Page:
The forward facing carry can be used once baby has full neck control and is tall enough that their face fully clears the top of the carrier.  Unfortunately, a hip carry position isn’t really possible because of how the straps are configured.

Another thing to consider is the material – Bjorn has a number of finishes for this carrier but the standard one at least is pretty rigid and not entirely soft!  Many parents don’t like how “hard” it feels for a newborn.  However, this is something Bjorn have improved on and their newest models are softer and they do also offer a mesh which is softer and lighter and some parents prefer for this reason.

Finally – do consider if you think you’d like to breastfeed in a carrier.  Because the Bjorn has material running between you and baby, it is extremely hard to breast feed in this sling without taking it off first because part of the carrier sits over the boobs.

All in all the Baby Bjorn One can be a good option for parents with longer straighter/flatter torsos and particularly those who are more nervous about babywearing but it is very worth trying on before you buy, and comparing to a few other brands as it certainly doesn’t fit everyone.  It works well from around 6 weeks to somewhere between 1 year and 18 months, which is a smaller age range than many of its main competitors and at a cost of £139 it is maybe not quite as good value for money as other similar carriers from brands such as Ergo and Beco.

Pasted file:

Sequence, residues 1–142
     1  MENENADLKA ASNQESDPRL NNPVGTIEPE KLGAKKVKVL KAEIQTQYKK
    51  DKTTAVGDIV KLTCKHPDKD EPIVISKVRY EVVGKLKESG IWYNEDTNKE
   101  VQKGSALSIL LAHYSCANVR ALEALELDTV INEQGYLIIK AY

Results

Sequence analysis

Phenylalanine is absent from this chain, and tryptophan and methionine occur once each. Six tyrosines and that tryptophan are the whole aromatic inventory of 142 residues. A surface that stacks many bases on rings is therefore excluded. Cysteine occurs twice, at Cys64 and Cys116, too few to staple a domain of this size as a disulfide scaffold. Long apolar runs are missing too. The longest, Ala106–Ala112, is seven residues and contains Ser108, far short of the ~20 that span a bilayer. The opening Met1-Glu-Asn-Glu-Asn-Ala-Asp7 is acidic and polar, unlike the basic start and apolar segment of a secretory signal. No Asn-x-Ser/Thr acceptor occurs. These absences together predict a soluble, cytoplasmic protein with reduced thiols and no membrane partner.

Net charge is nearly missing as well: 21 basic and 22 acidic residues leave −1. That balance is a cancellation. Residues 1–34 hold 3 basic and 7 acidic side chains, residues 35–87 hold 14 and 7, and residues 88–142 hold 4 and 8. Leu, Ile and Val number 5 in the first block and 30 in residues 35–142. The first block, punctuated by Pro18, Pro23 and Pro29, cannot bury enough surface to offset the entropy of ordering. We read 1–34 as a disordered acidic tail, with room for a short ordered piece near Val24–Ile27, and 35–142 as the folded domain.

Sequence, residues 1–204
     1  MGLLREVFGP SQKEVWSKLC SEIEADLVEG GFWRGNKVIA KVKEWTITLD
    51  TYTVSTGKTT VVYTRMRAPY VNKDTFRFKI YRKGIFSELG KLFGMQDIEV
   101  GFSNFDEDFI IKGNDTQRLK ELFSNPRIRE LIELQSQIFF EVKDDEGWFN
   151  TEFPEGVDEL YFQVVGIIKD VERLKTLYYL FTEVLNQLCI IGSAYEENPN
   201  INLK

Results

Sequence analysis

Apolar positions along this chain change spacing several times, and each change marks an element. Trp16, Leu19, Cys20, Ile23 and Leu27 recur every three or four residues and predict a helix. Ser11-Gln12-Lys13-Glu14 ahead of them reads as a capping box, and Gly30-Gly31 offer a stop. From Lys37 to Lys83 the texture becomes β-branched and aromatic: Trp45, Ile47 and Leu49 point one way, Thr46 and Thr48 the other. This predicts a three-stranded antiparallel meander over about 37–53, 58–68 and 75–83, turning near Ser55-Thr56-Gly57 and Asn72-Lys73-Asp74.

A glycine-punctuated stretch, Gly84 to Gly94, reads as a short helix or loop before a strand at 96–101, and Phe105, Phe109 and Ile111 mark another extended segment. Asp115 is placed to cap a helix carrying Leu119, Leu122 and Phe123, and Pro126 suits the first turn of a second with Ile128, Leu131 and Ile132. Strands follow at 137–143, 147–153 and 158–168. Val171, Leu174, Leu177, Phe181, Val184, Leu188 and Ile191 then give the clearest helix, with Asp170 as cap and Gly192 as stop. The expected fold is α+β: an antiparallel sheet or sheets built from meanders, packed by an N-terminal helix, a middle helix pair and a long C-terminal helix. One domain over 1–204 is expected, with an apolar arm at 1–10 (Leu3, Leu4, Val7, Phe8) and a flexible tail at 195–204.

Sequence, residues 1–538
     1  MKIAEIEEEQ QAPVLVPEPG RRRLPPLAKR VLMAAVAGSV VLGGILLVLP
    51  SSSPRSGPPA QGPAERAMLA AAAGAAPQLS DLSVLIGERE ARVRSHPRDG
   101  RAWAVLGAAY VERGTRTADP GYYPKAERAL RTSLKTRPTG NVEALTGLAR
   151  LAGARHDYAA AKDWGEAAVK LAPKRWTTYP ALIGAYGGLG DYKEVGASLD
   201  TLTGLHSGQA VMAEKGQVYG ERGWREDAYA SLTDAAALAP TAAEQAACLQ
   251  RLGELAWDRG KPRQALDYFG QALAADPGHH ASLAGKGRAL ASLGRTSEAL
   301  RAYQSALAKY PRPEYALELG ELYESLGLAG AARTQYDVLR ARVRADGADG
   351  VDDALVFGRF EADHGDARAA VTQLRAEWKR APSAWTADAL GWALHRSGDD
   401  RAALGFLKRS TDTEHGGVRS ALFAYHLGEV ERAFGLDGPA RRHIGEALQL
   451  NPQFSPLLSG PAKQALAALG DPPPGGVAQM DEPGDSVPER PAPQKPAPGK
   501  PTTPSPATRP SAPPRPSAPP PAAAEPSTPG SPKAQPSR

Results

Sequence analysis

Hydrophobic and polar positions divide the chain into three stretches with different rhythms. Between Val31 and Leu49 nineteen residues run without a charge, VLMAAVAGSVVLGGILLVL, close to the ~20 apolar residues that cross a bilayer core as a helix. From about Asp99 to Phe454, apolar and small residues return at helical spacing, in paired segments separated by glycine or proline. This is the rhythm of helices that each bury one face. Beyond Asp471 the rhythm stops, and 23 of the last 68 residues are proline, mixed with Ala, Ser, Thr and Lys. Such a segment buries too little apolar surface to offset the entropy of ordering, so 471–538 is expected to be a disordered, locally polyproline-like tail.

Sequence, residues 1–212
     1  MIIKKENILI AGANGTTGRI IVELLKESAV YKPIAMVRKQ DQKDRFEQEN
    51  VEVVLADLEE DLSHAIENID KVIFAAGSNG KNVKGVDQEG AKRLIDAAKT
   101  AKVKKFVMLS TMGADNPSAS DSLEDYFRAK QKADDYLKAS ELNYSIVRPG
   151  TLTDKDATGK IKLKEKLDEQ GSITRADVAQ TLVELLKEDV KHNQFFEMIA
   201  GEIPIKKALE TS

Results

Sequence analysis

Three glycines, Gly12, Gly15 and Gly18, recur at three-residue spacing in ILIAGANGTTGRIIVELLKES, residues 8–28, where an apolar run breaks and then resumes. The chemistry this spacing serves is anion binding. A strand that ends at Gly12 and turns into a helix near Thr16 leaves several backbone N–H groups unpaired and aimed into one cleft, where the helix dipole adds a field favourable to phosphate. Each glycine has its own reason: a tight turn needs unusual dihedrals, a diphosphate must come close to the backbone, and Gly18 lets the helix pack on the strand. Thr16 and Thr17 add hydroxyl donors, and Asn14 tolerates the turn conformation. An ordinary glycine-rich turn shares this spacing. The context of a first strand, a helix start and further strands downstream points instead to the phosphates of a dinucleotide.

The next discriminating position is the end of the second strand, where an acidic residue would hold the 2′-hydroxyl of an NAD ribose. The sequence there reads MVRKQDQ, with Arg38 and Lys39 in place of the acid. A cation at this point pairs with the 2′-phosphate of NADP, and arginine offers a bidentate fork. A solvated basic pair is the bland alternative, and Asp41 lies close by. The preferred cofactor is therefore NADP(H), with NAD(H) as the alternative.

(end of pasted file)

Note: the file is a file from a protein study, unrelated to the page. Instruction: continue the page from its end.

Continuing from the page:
Connecta Review

img_2034The first time I ever saw a Connecta my first thought was “I bet that’s uncomfortable”.  At that point I’d only ever tried fairly well padded carriers like Ergo’s and Manduca’s and the thought of carrying my then 9 month old something with a completely unpadded waist band and barely-there padding made me shudder.  I was, of course, totally and utterly wrong.

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Rachel 9 months

What I realise now is padding is not necessarily an indicator of comfort.  Padding can be great if it fits you well, but if the shape is wrong for your body then that padding can actually make matters worse by ‘standing off’ your body in places and thus focusing the weight onto smaller pinpoint areas.  What matters far more than padding level is how a carrier fits you.  If it fits well it will be comfortable, if it doesn’t fit well then it won’t.  Simple as that!  The genius of the Connecta is by not having bulky padding it gives a lot of people an absolutely perfect fit – because the webbing waist band and the softly padded shoulder straps are able to mould exactly to your body and give a very even weight distribution.